Think about your favorite character from a movie or book. Create a profile for that character in English.

Sample Choice Boards

Now that you have been presented with why to use a Choice Board, how to create one, and seen a variety of Boards, think about your own class. How might you create a Choice Board to use with your class? Following are three Choice Boards available for you to download, modify, and use in your class.

Math Choice Board: Geometry

The following three boards are available for use below.

Identify 3 Different Types of Angles:

Make a chart, include pictures of the angles and places you could find these angles in the real world.


Look at flags from different countries. Identify 5 different geometric shapes used in creating the flags. Create a chart that includes the picture of the flag, country the flag is from, and the names of the geometric shapes.

Make a Map of a City:

Include 5 different geometric shapes as you create your city. Identify the geometric shapes.

Create 20 Flashcards:

Use Quizlet or another flashcard application, or cards. Create 20 flashcards with names on one side and definitions on the other. Include a picture of each geometric term.

Student Choice:

Choose an activity that will help you and the other students practice geometry. Clear the project with the teacher.

Word Problems Using Geometry/Quiz:

Write five problems using    geometry. Use Google Form to create a quiz and share it with the class.

Geometry Shapes Around Us:

Name 5 geometric shapes. Look around your home. Count how many times you see each shape. Make a chart of each shape, and how many times you find each one. Upload your chart to the class Padlet.

Create a Diagram:

Make a diagram of geometric shapes within geometric shapes. Be sure to include at least 5 different shapes. Label each shape.

Images Using Your Phone:

Take pictures of 5 images illustrating geometric shapes. Identify the shape. Add the photos to your entry in Padlet or send the photos to the teacher in Remind.

Reading Choice Board: Story Elements

Templates available below.

Define the Words

Use the Vocabulary Template. Include the word, part of speech, definition, and use it in a sentence of your own.

Write a Story

Apply the Elements of Story to a story of your choice.

Map a Story

Focus on the Plot. Use a Plot Diagram to identify the elements of a story of your choice.

Share a story from your country.

Use Padlet or Flipgrid for the class sharing. Apply the story elements in your description.


Watch the Video: The Elements of Story

Partner Activity

Read the Reader's Digest Article: The Most Popular Fairy Tale Stories of All Time. Share one of the stories with a classmate, then share your stories with the class.

Memory Aid:

Watch the Rap: Elements of a Story Rap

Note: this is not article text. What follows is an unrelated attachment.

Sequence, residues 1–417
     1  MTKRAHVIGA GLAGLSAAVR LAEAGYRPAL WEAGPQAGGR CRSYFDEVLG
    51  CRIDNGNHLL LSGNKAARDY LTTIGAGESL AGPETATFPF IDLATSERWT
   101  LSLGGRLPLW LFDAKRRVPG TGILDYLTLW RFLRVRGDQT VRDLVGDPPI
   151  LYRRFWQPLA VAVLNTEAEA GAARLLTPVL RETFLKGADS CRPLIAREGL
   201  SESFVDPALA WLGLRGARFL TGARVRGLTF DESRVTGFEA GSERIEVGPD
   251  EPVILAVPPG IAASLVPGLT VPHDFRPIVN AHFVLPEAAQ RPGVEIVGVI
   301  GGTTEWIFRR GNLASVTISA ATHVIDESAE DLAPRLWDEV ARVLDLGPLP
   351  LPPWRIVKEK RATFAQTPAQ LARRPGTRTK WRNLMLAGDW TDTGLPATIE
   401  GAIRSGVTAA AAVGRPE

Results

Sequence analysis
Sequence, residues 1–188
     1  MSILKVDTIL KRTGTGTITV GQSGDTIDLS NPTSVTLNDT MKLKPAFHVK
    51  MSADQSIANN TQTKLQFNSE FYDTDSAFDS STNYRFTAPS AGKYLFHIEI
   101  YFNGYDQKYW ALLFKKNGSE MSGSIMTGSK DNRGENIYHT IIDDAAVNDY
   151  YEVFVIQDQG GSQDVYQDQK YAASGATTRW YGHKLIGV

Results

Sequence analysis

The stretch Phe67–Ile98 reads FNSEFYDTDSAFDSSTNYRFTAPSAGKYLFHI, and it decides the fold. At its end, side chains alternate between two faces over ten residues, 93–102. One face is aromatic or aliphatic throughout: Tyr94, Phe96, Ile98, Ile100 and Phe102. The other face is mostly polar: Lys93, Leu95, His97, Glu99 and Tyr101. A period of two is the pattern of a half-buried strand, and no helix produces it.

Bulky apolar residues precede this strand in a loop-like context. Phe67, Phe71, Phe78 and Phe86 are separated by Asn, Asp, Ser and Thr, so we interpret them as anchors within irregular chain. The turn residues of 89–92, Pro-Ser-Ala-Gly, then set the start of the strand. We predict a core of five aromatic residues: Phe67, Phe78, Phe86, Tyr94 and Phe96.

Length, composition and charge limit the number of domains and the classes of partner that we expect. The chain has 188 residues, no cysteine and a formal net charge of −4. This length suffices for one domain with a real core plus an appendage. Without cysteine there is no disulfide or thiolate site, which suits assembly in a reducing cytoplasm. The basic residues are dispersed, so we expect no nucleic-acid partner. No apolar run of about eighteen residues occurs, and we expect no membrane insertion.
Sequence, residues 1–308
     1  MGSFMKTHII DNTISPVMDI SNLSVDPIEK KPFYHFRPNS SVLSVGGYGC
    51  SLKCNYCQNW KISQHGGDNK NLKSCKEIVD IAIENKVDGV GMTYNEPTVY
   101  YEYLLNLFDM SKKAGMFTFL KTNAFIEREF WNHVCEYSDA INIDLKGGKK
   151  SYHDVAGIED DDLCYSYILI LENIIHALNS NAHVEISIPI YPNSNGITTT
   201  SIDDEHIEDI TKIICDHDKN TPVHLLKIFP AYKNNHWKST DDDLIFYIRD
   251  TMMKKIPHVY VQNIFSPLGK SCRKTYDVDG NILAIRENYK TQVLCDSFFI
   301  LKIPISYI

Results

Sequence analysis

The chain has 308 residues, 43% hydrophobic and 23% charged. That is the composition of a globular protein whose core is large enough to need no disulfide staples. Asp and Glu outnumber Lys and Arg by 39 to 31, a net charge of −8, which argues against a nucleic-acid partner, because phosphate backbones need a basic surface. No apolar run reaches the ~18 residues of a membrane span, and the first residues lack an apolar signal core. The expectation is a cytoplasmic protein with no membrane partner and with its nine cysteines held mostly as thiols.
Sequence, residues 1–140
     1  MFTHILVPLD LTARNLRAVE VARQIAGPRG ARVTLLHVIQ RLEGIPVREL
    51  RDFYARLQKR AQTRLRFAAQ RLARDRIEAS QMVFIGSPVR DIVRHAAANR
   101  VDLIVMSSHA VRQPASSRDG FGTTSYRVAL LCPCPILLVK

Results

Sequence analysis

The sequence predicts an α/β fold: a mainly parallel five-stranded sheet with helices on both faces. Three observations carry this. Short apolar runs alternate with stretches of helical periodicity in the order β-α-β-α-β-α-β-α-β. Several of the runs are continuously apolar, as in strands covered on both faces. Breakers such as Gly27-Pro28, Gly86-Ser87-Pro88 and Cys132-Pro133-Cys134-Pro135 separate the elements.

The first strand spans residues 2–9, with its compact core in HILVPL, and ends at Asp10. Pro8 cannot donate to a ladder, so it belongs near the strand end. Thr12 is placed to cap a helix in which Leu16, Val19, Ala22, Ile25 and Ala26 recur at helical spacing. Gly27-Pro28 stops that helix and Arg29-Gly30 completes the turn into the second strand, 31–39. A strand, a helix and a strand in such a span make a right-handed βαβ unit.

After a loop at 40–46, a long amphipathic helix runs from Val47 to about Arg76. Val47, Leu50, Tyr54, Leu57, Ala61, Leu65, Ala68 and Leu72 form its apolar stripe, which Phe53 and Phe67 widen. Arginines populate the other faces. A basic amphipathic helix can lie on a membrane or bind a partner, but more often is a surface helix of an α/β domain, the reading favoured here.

Share it with the class and guide a discussion or write your own rap to help students remember the Story Elements-Teach it to the class.

Class Share:

What stories were you told when you were a child, or what stories do you tell your children? Select a story and share it with the class, be sure to identify the story elements.

Slide Presentation: Partner Activity

One partner uses PowerPoint or Google Slides to create a Presentation of Story Elements found in a movie or story (your choice). The second person presents to the class.

ESL Choice Board

Templates available below

Take a Virtual Tour

of the museum or aquarium, or a historical site.
Share 3 things you saw.

Practice the vocabulary words

from this week's lesson. Use Quizlet to create your own board with this week's vocabulary. Share the link with your classmates for them to practice

Practice Vocabulary words.

Complete a 4-corner vocabulary activity for ten vocabulary words.

Read the article in Newsela.

Write a summary. Tell what the article is about, when it took place, where it took place, and who is involved.

Find a poem you like.

Record yourself reading it aloud on Flipgrid.

Create a Quiz.

Use Google Forms to create a 5-question quiz for your classmates. Ask them questions about this week's lesson.

Watch a Video

Go to  VOA Learning English YouTube channel . Choose the videos you want to watch and practice listening.

We are living in a historic moment.

Write in your journal about what it is like living during the COVID-19 Pandemic.

Listen to a podcast in English.

When you are done write a few sentences about what you learned.


Choice Boards for You to Use in Your Class

Sources for this Article and Where You Can Get Even More Choice Boards:

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OTAN activities are funded by contract CN220124 from the Adult Education Office, in the Career & College Transition Division, California Department of Education, with funds provided through Federal P.L., 105-220, Section 223. However, OTAN content does not necessarily reflect the position of that department or the U.S. Department of Education.